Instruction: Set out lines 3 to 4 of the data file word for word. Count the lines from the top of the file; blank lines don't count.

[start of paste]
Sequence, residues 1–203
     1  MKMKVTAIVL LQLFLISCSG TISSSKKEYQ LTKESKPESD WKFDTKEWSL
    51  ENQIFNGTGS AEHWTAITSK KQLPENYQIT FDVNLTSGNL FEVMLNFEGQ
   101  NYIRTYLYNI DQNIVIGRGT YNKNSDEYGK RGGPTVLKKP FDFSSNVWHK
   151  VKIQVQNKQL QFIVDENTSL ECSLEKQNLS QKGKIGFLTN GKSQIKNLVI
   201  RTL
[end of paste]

    51  ENQIFNGTGS AEHWTAITSK KQLPENYQIT FDVNLTSGNL FEVMLNFEGQ
   101  NYIRTYLYNI DQNIVIGRGT YNKNSDEYGK RGGPTVLKKP FDFSSNVWHK